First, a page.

One bright moment in Treachery—and I realize this will only amuse those of us who are fans of the Hal Roach comedies…so I’m guessing everyone, right?—is seeing Don “Thank you gigantically!” Barclay as one of Foran’s men, Corporal Bunce.  Colton and Bunce have to rescue Ruth Drummond from the Comanche…because Chief Red Smoke has decreed that Ruth must die to avenge the death of Little Big Wolf.  Colton gets an idea: he’ll leave Ruth and Bunce with Red Smoke while he and several members of the tribe ride off in search of the Colonel so everything can be ironed out.  Bunce reluctantly agrees to this, but tells his superior officer to be careful in that trademark fruity manner of his: “I have no desire to be parboiled by these Indians...”  (It is indeed a shame that no one thought to bring Barclay back for additional Foran oaters—though the two did work on 1937’s Black Legion.)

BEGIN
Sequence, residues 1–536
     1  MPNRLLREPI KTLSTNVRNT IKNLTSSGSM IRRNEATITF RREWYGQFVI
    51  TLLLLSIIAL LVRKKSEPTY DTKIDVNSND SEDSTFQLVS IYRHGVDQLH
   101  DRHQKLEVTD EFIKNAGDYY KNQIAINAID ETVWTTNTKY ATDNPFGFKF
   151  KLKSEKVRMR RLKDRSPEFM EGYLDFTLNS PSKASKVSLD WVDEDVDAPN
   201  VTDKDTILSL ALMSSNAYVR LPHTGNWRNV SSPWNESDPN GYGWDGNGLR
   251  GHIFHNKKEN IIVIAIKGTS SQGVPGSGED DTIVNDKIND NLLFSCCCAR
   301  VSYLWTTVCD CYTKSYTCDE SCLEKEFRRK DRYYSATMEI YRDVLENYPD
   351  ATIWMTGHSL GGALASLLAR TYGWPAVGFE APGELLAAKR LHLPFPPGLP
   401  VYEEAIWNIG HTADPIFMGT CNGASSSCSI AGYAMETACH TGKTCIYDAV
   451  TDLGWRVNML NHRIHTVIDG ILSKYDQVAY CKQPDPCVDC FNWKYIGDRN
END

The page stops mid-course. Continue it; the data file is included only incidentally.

With a story and screenplay by future producer William Jacobs (he would also script the first and second entries in the Foran Western series, Moonlight on the Prairie [1935] and Song of the Saddle [1936]), Treachery Rides the Range is pleasant enough but doesn’t really have the “oomph” needed to be a first-rate programmer (even the villains in this one are ho-hum).  It’s available on the Warner Archive MOD DVD set Dick Foran Western Collection (though I DVR’d this one from The Greatest Cable Channel Known to Mankind™).

Tuesday, October 18, 2016

Guilty Pleasures: Ghost Catchers (1944)

In a review of Murder in the Blue Room (1944) that I wrote for the blog a while back, I slipped in a casual mention of how Tom Weaver, Michael Brunas, and John Brunas—authors of the amazing reference tome Universal Horrors—were not particularly enamored of the Ole Olsen-Chic Johnson comedy Ghost Catchers (1944).  Here’s what they have to say: